I need a parenting manual. Seriously, where do I get one of those?
I know my older daughter Dylan never wanted to move to Florida. I could tell because she did subtle things like leave a note every night by my bedside saying, “PLEASE DON’T MAKE ME MOVE.” And there were a lot of tears.
We promised her swimming, new friends, an adventure, a summer that never ends!
She responded by saying that sledding was the passion of her life.
I honestly thought that once we got into the groove of the sunshine state (which by the way, they are totally not kidding about because the sun here is fierce) that she would be happy. She was in 3rd grade. She’d be fine. Kids are resilient. Kids go with the flow!
There was no flow. She cried about missing her best friend and at one point, through streams of tears said, “But what about Lucas!” Who the hell was Lucas (name has been changed to protect some boy I never heard of), I thought? Apparently he had been in her class in New York for the last two years and now his absence was crushing.
Her school (although academically rigorous) was too big with very short recesses, strict rules and less focus on the arts than her New York school. Both my daughters had great teachers but somehow, Dylan’s spirit was wilting.
I tried to honor her feelings. I tried to tell her to be brave and keep moving forward. Sometimes in frustration, I told her to be more grateful for all the wonderful things in her life. Sometimes I just hugged her through my own tears because I honestly had no words. What was I supposed to say, I wondered?
So this year I moved Dylan and her younger sister Summer to a much smaller charter school. With no bus service, I’m doing a lot more driving and I’m pretty convinced that Florida is the most gigantic state ever. Like way bigger than Texas. I’m sure of it.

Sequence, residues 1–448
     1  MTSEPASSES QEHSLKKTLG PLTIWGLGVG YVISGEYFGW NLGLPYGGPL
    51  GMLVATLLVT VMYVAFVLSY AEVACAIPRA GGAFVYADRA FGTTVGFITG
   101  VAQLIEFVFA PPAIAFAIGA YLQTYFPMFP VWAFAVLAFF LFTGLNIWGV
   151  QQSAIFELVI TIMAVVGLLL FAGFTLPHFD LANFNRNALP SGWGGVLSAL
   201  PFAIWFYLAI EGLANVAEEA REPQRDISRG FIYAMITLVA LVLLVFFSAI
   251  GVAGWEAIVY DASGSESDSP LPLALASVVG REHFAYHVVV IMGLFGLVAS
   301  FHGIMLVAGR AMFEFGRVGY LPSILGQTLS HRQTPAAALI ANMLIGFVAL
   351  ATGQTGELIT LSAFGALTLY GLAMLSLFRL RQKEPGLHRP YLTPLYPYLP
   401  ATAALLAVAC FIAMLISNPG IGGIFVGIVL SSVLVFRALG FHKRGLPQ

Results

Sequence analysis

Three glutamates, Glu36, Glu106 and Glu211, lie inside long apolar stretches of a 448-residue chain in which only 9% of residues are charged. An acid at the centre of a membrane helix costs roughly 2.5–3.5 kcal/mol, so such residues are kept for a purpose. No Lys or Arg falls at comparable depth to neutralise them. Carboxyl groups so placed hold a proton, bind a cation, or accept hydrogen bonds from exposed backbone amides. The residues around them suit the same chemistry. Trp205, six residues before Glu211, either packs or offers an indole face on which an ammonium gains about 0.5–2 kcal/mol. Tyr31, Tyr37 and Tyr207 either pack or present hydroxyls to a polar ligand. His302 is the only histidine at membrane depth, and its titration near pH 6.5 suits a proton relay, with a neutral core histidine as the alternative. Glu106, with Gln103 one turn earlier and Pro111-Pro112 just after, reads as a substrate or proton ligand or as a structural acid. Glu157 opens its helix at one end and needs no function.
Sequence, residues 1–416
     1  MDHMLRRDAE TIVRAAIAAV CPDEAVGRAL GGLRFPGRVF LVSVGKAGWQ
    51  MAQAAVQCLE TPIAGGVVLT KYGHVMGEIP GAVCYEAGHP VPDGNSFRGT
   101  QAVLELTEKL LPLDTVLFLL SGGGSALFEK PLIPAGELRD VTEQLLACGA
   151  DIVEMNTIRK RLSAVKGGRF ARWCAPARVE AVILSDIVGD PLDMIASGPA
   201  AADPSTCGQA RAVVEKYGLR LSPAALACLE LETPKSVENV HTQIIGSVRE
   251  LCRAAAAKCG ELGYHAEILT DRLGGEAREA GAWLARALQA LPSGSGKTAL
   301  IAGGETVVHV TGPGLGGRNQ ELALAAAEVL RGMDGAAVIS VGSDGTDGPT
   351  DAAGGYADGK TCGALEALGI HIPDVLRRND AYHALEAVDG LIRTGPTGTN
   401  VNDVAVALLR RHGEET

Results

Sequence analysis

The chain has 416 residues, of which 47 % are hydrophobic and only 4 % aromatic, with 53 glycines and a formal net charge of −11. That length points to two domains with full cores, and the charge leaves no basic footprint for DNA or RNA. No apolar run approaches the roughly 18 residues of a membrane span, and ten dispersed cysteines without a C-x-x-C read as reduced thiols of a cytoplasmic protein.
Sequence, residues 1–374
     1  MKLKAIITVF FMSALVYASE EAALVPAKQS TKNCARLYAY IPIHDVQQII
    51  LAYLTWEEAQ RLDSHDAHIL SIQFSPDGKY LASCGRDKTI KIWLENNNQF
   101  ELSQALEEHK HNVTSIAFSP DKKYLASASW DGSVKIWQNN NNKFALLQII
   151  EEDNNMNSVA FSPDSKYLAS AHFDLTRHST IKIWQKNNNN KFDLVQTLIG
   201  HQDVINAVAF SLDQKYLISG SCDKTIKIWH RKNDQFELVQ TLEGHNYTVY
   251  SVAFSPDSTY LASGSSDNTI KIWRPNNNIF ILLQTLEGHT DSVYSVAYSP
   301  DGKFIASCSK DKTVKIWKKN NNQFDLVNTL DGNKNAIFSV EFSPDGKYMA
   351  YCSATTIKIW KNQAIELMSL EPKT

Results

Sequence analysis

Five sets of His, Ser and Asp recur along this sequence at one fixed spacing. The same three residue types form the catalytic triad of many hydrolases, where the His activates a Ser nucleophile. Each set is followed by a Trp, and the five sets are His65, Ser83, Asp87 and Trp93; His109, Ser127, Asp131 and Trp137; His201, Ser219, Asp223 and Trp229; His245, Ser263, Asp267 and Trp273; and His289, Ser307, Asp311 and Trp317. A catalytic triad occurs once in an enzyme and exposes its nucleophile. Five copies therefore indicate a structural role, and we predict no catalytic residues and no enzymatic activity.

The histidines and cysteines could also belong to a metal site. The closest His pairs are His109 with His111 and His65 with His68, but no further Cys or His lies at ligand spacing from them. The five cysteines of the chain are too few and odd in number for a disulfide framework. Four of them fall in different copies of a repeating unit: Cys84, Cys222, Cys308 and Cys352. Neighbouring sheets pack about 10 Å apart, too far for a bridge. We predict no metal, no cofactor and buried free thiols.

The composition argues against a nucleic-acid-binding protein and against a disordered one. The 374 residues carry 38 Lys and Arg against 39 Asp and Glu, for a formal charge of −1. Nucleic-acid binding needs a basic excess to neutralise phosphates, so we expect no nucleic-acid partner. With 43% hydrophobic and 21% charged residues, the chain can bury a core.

I could barely breathe the first day of school as I waited to find out how it all went.
And at the end of the day, I got a “good” from Dylan. By the end of the week, we were still in the good territory and she said her teacher was very nice. This was promising indeed.
Then we went to the beach. It was a gorgeous day and we found a great parking spot. We splashed into the water with our boogie boards where it quickly became clear that the jellyfish were out in full force.
After a young girl was stung, we quickly retreated to the shore where Dylan downward spiraled into a pit of misery about not being able to swim, missing New York, her friends, her old school and of course sledding.
Damn you jellyfish.
Of course, she has recovered. And her second week of school seems to be going well.
I still can’t quite exhale.
I only hope that someday when she faces tough challenges in life she’ll be able to say, “My parents made me move to Florida. And it was really hard. But now I know I can survive anything.”
I’m guessing she’ll be saying it from her apartment in New York.